London 2012: Leaders urged to spell out legacy benefits
PUBLISHED: 09:00 20 July 2012
A group of business consultants has hit out at the number of the public bodies charged with delivering the Olympic legacy.
Those in charge of the post-Games transformation have been urged to do more to spell out the benefits to Newham and the other host boroughs.
The White Paper, ‘Mind the Gap: Looking after the Olympic legacy’ was launched by the Strategy Foresight Partnership and the Institute of Consulting on Thursday.
Dr Nasir Hussain, one of the authors, said important issues like job creation and improved sports facilities could slip under the radar unless there was one clear voice.
He said: “We are mainly talking about what could be left behind once the Olympic Games have finished and what might not be picked up.
“We identified around 40 different stakeholders that were involved in the Games, and they are not all talking to each other.
“There are different boroughs and different committees, businesses and members of the public.
“We want to get these stakeholders to talk to each other.”
Findings revealed in a recent study carried out by academics at the London School of Economics, showed the arrival of the Olympics has had little effect on Newham’s job’s figures.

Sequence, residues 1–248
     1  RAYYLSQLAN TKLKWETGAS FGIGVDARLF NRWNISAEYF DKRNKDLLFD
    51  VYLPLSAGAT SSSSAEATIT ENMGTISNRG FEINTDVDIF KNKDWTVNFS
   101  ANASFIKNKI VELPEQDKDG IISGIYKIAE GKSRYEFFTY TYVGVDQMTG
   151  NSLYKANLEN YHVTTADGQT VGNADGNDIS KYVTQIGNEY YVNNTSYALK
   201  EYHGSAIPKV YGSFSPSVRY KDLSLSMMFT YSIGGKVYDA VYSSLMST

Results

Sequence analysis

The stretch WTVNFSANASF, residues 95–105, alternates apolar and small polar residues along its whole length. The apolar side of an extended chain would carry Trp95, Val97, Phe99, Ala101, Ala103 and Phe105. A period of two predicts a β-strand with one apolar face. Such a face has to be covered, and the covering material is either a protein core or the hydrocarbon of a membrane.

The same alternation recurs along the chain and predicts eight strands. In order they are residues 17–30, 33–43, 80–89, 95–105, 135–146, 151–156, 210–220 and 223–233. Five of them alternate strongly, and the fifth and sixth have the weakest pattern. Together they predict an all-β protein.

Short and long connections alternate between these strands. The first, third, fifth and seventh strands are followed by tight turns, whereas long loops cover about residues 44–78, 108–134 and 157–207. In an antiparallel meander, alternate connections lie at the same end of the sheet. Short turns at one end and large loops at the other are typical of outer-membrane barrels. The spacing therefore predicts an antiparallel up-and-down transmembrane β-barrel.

Unemployment in the borough rose by 44 per cent between 2005 and 2010, compared to 21 per cent in London and 59 per cent nationally.
Newham Council has confirmed it will invest up to £40 million in a revamped Olympic Stadium to ensure that it will benefit the community.
Dr Hussain said: “All of the different bodies have their own legacy programmes.
“The most important aspect is the long-term social programme and the jobs that can come from that.”
Newham Mayor Sir Robin Wales said the council’s Workplace job brokerage scheme had helped 13,000 people into work.
He added: “This includes securing more than 5,000 Olympics jobs for Newham residents and 2,500 jobs in the news Westfield Stratford City.
“On top of this there’ll be 3,000 new homes in the Athletes’ Village, with thousands more to come in the surrounding area.”
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